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Air Canada

They’re “Trying to Get Away With the Least Compensation Possible”

They’re “Trying to Get Away With the Least Compensation Possible”
Jackie Reddy

Air Canada has been criticized for failing to offer compensation to passengers whose luggage has been lost, reports the CBC. But Gabor Lukacs, passenger advocate and Air Passenger Rights founder, states that airlines need to be forthcoming about the levels of compensation they can offer travelers.

Air Canada has been criticized for failing to compensate passengers whose baggage has been lost, reports CBC News’ Go Public.

According to passenger Scott Bissell, whose luggage was lost en-route to a trip to Orlando, the airline is “trying to get away with paying the least amount of compensation possible”. Bissell was told that he would not be offered compensation for any clothing or toiletries he purchased while awaiting the arrival of his lost bag.

Speaking of his attempts to contact the carrier over compensation, he said, “It was just a full on ‘No’. I had nothing. I was in a hot city with nothing to wear except the clothes on my back.”

Despite being initially rebuffed, Bissell persisted and was informed that he was entitled to claim “up to $300 US in expenses”, the outlet reports. After filing his receipts and a formal complaint with the carrier, he was given an additional sum of C$500 ($373).

Unfortunately, another Air Canada traveler had a similar story to share. Suzanne Hastings-James’ luggage was lost en-route to Mexico from Nova Scotia and she was informed that she would only be entitled to $50 for a maximum of five days.

Like Bissell, Hastings-James filed receipts for her claim. She was offered additional compensation plus voucher for money off of a future flight.

“I did not accept it. I want Air Canada to accept responsibility for their negligence and apologize,” she was quoted as saying.

But as passenger advocate and founder of Air Passenger Rights Gabor Lukacs explains to the outlet, most passengers aren’t aware of their compensation rights. Airlines need to be honest about what passengers can claim, he explains, adding that travelers, “…are entitled to incur reasonable interim expenses —up to $2,100 Canadian dollars ($1,567), depending on the circumstance and the purpose of their trip.”

In a statement e-mailed to the outlet, the airline’s corporate communications manager Peter Fitzpatrick was quoted as saying that, “We approve reasonable interim expenses. The limits of liability are clearly set out in the itinerary receipt each customer receives and the information is on our website.”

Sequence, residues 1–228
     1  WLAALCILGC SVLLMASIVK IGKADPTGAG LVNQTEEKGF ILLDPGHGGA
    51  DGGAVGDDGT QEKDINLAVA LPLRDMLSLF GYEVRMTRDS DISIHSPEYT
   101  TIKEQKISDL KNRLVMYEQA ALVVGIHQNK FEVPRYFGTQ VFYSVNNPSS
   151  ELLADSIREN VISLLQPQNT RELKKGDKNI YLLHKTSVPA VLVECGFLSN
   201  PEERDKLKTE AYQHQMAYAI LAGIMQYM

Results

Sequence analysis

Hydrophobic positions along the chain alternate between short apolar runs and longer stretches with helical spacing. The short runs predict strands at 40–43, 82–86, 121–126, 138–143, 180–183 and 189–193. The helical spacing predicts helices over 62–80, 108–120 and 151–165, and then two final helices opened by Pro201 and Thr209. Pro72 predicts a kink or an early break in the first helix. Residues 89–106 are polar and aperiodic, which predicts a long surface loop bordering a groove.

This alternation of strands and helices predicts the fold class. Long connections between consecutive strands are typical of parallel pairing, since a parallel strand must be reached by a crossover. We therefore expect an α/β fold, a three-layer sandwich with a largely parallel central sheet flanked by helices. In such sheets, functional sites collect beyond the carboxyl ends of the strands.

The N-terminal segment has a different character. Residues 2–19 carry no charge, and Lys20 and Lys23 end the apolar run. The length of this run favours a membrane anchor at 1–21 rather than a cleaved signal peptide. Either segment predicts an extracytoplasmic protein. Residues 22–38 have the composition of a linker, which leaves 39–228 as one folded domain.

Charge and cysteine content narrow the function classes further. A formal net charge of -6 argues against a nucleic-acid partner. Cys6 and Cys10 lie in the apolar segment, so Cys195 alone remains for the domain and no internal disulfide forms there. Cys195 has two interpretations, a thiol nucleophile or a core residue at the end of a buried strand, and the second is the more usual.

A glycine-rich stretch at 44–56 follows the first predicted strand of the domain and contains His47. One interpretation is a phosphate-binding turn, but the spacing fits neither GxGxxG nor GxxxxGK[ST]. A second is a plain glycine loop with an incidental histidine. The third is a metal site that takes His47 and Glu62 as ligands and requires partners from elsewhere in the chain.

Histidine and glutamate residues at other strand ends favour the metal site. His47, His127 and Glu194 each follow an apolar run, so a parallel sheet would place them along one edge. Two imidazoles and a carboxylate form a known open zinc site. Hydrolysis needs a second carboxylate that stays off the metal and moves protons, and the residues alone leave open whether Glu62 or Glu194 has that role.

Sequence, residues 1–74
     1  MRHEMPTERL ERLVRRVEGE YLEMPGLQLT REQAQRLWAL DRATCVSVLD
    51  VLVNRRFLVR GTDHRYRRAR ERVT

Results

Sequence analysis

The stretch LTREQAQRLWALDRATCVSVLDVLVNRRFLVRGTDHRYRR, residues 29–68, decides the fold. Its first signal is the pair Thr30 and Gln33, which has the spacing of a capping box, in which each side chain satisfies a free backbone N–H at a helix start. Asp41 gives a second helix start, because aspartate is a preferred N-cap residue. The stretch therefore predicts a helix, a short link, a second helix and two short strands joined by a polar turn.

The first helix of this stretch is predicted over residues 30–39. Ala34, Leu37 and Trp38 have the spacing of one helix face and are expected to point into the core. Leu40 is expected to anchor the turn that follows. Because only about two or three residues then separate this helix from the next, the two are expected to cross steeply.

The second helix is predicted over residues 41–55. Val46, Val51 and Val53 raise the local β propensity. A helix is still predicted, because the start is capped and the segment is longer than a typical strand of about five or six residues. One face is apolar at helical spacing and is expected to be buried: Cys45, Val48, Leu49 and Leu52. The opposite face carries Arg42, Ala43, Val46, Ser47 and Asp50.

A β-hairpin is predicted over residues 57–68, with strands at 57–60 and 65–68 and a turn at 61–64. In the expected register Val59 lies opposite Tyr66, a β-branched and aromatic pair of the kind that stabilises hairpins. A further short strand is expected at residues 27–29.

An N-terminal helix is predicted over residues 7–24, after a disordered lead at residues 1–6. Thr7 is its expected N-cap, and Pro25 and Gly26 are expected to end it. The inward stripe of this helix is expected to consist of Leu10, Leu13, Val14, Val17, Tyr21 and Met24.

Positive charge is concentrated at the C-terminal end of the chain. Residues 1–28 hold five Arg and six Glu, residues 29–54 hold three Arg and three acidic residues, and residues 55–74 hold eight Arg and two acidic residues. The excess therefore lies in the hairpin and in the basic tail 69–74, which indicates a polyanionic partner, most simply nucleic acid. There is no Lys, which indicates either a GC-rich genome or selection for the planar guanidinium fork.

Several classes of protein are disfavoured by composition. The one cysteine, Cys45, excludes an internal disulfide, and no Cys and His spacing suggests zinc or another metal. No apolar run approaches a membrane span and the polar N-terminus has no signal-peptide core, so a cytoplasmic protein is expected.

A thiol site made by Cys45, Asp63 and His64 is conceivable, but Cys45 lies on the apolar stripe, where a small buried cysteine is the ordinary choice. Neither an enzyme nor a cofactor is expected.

[Photo: Shutterstock]

View Comments (5)


  1. makrom

    December 11, 2018 at 6:28 am

    I hear such claims ever so often, but so far we have see very little change in that regard.
    I really don’t care about claims, I want to see rulings.

  2. drvannostren

    December 12, 2018 at 12:12 am

    Wait, the details of what are the limits is set out in the itinerary receipt? That’s news to me. When my bag was delayed with LH I was told about reasonable expenses, but I was never given a limit. Now, I can see why they don’t wanna disclose a limit, because then they have to live up to that limit, PLUS we live in a scammer society now, that’s why insurance rates are so high, people trying to scam the systems for stuff. But as a pretty honest person not knowing the limits bothered me because I didn’t wanna get stuck with some expense. So I went out and spent the bare minimum. I would’ve been much more comfortable for the 3-4 days without my bag had I been able to spend like $100 to buy a bag to put the stuff in and whatever.

    This is why you have travel insurance though, fight this kinda stuff out and while I’ll never excuse the airline for trying to get out of expenses like this, travel insurance is much more black and white. The amount is listed right in your policy, the actual items aren’t necessarily listed…but you also know that they won’t ask you to send them the underwear you bought…which yes, at least at first, LH asked me to do.

  3. drphun

    December 12, 2018 at 4:35 am

    Some credit cards cards provide this coverage if you use them to pay for your ticket. The amount they will pay and the length of delay to trigger it vary. It isn’t the same thing, but it could bridge the gap.

  4. alexmyboy

    December 12, 2018 at 4:49 am

    Canada has so many positive things going for it, but why is there airline so bad.

  5. BC Shelby

    December 12, 2018 at 11:45 am

    …read a post on my FB about a musician friend of another friend who’s expensive vintage guitar had a hole poked into it by a careless Air Canada baggage handlers who drove a forklift into it. The airline only offered to reimburse him for the case (very minor cost), not the instrument they destroyed.

    It is a crime that they both require and charge you to check fragile items below by restricting what can be brought in the cabin, then when they screw up and damage them, refuse to take responsibility and duly compensate you for their ineptitude

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